Russian President Vladimir Putin has mounted a new campaign in his propaganda war with the West: The highly publicized destruction of imported food, which the government banned last year in retaliation for Western economic sanctions. This time around, though, his constituents aren’t quite with him.
The ban, aimed at the U.S. and European countries that imposed sanctions on Russia over its aggression in Ukraine, covers a long of items, including fruit, vegetables, most kinds of meat, fish and dairy products. Some have been replaced by imports from other parts of the world. In other cases, local producers have stepped up. In the first six months of 2015, Russia’s poultry output increased 11.4 percent from the same period in 2014, meat production jumped 13.2 percent, and cheese production increased 27.5 percent.
The local replacements often aren’t all that great. In a taste test of one of the bizarre cheeses that have filled Russian store shelves since the embargo, the Guardian’s Moscow correspondent Shaun Walker concluded that “the disintegrating texture is unnerving, and feels as if hundreds of tiny globules of parmesan have been left out on the pavement for a couple of weeks and then stuck back together with glue.”
To satisfy demand for the real thing, embargoed goods have been filtering into Russia. Some arrive by circuitous routes to establish acceptable provenance, or are repackaged in neighboring Belarus to pretend they originated there (I’ve seen Belorussian salmon in stores, though the landlocked country doesn’t produce it). Others are simply smuggled in: Russian customs inspectors are not known for their incorruptibility.
In a rare act of defiance, the Magnit chain of discount supermarkets, one of the country’s biggest retailers, sued the government agency charged with keeping embargoed items out of stores, claiming Putin’s decree on the food sanctions bans only their import, not their sale. A St. Petersburg court last month ruled in Magnit’s favor, a decision that would be more surprising if the company weren’t owned by Sergey Galitsky, one of Russia’s richest people.
Putin, however, won’t have it. He wants his food embargo to work as effectively as before, boosting local producers and punishing Western companies that have already seen their Russian business shrink. European Union exports of food, beverages and tobacco to Russia, for example, were down more than 50 percent in May from a year earlier:
So, on July 29, Putin decreed the ruthless destruction of any banned food caught on Russian borders, starting on Aug. 6.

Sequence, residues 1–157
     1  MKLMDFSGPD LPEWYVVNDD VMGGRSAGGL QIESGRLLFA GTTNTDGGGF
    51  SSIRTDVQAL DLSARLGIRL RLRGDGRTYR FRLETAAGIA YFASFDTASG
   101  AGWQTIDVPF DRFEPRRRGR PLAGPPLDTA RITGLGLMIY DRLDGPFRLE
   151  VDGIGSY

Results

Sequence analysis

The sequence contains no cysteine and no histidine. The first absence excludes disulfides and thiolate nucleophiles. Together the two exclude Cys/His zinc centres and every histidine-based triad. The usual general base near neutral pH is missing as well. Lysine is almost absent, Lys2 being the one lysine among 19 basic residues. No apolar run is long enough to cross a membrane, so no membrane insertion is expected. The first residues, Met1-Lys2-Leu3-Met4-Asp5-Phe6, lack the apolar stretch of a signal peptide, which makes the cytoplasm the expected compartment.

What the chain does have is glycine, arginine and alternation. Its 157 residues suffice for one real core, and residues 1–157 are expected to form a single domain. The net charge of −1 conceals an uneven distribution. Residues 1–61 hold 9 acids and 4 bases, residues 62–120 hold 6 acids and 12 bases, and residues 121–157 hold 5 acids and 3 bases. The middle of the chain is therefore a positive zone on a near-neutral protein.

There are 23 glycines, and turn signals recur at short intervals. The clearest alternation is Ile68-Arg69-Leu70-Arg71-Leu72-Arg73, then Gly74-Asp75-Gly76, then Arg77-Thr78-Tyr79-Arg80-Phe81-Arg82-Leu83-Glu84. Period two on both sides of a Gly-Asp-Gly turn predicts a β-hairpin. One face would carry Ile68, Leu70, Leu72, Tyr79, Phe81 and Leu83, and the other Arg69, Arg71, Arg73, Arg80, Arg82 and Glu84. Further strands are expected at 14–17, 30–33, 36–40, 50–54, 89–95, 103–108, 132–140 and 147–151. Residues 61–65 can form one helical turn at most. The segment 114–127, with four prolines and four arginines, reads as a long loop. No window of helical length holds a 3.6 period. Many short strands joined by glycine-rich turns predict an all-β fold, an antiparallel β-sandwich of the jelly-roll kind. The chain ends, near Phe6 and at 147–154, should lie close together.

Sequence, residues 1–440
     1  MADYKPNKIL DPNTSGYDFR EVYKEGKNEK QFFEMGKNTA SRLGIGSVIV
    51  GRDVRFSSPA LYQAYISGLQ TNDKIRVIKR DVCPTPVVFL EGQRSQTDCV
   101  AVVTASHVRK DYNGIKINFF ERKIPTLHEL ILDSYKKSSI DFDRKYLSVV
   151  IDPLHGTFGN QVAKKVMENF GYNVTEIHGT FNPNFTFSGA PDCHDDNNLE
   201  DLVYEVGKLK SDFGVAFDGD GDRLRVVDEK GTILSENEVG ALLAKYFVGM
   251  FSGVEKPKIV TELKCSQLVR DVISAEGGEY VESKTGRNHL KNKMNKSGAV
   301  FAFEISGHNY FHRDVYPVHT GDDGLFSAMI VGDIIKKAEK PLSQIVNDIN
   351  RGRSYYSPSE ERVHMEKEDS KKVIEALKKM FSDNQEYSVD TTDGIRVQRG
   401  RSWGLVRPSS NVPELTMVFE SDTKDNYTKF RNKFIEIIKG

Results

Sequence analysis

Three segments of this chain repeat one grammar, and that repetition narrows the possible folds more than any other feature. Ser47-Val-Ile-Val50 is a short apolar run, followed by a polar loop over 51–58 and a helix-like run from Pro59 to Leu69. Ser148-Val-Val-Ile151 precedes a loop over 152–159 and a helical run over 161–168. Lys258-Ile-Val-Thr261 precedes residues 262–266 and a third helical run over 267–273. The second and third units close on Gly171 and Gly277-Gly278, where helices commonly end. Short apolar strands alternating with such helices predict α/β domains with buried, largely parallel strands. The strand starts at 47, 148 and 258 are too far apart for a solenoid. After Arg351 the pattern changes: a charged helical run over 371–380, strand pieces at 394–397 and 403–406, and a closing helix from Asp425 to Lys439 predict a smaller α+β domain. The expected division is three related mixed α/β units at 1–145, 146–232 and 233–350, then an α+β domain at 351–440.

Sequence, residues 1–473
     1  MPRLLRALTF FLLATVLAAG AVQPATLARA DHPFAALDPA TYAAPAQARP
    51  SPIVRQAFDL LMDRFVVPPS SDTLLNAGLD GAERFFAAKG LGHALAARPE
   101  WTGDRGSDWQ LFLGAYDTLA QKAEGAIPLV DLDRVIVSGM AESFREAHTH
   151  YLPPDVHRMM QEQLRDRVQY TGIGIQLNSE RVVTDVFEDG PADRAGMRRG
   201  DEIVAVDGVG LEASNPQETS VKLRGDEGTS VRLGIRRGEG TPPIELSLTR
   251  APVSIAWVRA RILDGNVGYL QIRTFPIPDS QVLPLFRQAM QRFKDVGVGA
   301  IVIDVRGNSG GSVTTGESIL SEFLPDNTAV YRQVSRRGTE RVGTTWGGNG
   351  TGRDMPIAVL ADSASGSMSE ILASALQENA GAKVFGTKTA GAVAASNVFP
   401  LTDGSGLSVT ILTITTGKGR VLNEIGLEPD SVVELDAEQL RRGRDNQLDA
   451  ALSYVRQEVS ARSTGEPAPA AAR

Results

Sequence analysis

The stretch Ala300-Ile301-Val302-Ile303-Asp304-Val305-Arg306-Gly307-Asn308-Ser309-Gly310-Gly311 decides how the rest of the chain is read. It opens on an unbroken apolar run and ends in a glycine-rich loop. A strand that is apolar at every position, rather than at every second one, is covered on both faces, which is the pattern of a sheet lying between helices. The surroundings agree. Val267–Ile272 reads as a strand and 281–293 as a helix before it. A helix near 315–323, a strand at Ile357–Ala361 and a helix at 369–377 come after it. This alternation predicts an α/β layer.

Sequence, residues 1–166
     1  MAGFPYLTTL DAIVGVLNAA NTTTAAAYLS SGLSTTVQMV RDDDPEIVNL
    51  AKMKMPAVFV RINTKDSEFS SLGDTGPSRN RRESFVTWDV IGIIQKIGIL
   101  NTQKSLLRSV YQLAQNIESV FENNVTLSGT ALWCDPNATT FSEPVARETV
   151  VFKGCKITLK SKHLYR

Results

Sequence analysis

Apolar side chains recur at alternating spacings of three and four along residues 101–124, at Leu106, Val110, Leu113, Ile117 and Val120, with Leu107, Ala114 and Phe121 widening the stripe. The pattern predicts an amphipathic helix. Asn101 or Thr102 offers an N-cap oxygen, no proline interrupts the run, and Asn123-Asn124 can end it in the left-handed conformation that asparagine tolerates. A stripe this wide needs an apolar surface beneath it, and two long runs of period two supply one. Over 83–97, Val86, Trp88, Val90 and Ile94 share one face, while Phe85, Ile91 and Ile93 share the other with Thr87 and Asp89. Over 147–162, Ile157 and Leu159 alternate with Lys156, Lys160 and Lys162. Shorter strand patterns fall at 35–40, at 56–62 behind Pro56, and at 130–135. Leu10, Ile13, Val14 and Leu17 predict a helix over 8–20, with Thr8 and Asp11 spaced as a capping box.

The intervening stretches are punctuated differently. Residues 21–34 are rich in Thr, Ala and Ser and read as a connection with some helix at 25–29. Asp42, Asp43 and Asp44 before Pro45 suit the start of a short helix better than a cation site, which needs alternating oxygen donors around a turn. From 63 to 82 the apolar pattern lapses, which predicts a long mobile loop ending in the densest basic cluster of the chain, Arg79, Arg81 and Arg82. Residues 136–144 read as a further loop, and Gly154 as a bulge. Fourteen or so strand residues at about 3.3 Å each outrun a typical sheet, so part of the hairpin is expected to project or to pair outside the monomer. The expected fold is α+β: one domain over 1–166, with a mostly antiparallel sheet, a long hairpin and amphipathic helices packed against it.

The decision astonished many Russians, who are no strangers to food shortages. Many still remember the long lines of the 1980s, or — worse — the starvation that accompanied the Nazi siege of Leningrad, which Putin’s own parents endured. “For every Leningrader I know food is a kind of neurosis,” journalist Valery Panyushkin, who himself comes from the city now called St. Petersburg, wrote on Snob.ru. “I’ve been carrying the memory of the great famine all my life, like a food sack on my back, a rather heavy one. And I envy Leningraders [Prime Minister Dmitri] Medvedev and Putin. By some miracle, they have freed themselves from the local neurosis.”
The Russian Orthodox Church doesn’t look kindly upon the destruction of food, either. “In essence, this is a crazy, stupid, vile idea,” Alexi Uminsky, a Moscow parish priest, wrote on the Orthodox site Pravmir.ru. “There are lots of people in our country who could benefit greatly from these goods.”
More than 280,000 people — an unusually large number for Russia — have signed a Change.org petition asking the Kremlin to repeal the food destruction decree and hand over any confiscated food to the needy. “If something can simply be eaten, why destroy it?” the petition says.
Putin’s government, however, is like a tank without a reverse gear. State television has eagerly covered the presidential decree and its implementation. The Vesti news program chose the title “Purifying Flames” for a report about the destruction of “dozens of tons” of European pork, and “Fondue, Belgorod style” for one about seven tons of cheese plowed into the ground with a tractor in the Belgorod region.
Russians have seen a lot of strange things on state TV under Putin, but never before have they been treated to a public cheese execution. The apparent goal is to spook importers. “The very information that sanctioned goods will be destroyed has played a positive role,” Yulia Melano, spokesperson for Russia’s agriculture watchdog, Rosselkhoznadzor, told Interfax news agency.
I expect the campaign will be as ineffectual as it is grotesque. Installing incinerators at customs and crushing wheels of Gouda is not going to make customs officials any less willing to turn a blind eye for the right reward. I wonder what Putin is thinking. High as his popularity ratings may be, he cannot afford to make himself look ridiculous as the economic situation deteriorates. That’s a taboo as strong as the one about throwing away food.
By Leonid Bershidsky, BloombergView